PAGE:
Apple and Sustainable Business Models

Ben Thompson wrote a series of great posts on App Store dynamics and, in particular, on sustainability for productivity apps. In the latest post on the topic Ben outlines what he sees succinctly:

Unfortunately, productivity apps are a terrible match for app store economics. The app store favors:

  • Simple, inexpensive apps that are downloaded by a lot of people
  • Free front-ends for for-pay or advertising-based services
  • Games with repetitive mechanics that can monetize existing users through in-app purchases

The solutions for enabling sustainable productivity apps are actually pretty obvious – just look at how productivity apps make money elsewhere:

  • More expensive apps with trials
  • Paid updates
  • Built-in subscription support

And yet, iOS 7 introduces radical change in nearly everything except for app monetization. Why doesn’t Apple do more to enable sustainable businesses on the app store?

He goes on to answer his own question. I think there are a couple of other possibilities:


This app market is so crazy and moving so fast that Apple may not even see the problem. To Apple it may look like one giant forest of apps when what is really going on is that a whole series of ecosystems are residing next to each other. The gaming and entertainment ecosystems are doing quite well. They have tools to make them more successful like in app purchases. Apple put special tools in place for news apps, too. But productivity blends in. Apple may not even recognize that there is a problem.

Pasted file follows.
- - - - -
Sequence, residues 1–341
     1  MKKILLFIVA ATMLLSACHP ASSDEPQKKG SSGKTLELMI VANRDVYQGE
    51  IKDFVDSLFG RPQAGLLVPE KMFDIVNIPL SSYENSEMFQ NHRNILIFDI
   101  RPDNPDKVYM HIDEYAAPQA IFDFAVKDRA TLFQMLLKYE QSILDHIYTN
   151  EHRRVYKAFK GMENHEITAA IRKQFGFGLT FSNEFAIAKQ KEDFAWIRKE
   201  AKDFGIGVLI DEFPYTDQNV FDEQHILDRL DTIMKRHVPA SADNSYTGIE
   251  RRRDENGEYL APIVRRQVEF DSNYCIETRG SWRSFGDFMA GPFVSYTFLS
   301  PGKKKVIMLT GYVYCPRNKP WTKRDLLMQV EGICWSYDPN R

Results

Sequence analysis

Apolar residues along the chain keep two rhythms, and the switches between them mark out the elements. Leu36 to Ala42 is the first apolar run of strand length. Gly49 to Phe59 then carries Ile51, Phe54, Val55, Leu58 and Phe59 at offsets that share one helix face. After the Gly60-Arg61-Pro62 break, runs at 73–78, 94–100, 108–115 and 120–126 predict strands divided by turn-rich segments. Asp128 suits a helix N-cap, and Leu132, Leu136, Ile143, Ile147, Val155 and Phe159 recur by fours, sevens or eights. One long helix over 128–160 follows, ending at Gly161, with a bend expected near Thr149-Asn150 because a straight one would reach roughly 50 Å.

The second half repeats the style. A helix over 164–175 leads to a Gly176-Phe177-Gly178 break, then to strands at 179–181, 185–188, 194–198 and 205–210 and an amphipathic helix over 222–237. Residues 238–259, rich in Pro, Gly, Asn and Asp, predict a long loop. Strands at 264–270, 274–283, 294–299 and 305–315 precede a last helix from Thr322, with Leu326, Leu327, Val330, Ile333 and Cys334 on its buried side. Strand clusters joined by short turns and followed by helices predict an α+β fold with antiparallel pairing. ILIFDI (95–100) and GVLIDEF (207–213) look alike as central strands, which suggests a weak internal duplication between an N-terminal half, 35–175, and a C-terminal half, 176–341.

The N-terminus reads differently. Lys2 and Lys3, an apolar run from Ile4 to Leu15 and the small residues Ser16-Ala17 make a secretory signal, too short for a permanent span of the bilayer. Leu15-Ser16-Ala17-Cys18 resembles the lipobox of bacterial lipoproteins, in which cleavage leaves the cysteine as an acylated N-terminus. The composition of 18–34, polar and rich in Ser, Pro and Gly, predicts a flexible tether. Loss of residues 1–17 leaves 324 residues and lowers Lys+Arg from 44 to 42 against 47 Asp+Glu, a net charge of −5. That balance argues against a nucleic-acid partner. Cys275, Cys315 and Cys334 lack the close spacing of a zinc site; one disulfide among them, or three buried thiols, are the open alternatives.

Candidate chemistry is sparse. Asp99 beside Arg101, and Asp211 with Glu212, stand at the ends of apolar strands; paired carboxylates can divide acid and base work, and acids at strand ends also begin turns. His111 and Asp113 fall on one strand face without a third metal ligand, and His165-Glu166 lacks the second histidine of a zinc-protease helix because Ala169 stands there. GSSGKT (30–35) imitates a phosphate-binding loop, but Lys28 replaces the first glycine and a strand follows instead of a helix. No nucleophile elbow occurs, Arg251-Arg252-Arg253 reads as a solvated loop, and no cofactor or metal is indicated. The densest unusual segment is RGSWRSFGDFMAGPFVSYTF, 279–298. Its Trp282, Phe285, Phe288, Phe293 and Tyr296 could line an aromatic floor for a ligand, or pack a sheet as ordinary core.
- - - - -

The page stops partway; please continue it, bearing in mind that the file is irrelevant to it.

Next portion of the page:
Let’s be honest here: my inability to make a living wage is not Apple’s problem. It is possible that Apple just doesn’t care, figuring the market will work itself out. They give us a lot of tools to work with: one-time purchases, free app distribution at no charge, news stand and subscriptions, in app purchases. From here, they may figure, it is our problem. Go figure it out.


Apple is a very famously a quiet company. We don’t really know what is going on internally. Maybe Apple is and has been working on a major overhaul with all kinds of things developers have been asking for. Maybe Apple has a whole series of things in the works that are being held up by a massive overhaul of iTunes and its ten-year old infrastructure riddled with technical debt and spaghetti code. The massive overhaul that is iOS 7 may be followed by a massive overhaul of iTunes and its infrastructure next year. Since Apple is doubling down on secrecy we may not know until Apple decides it is time for us to know.


Personally, I think Apple has been very clear. They give us a number of tools and it is our job to figure it out. Apple has a way of indicating what is coming years in advance and I think the fact that Apple doesn’t charge us to host free apps in the App Store is a pretty good indicator. The App Store is an incredible distribution mechanism but, at least for productivity apps, a horrible monetization mechanism.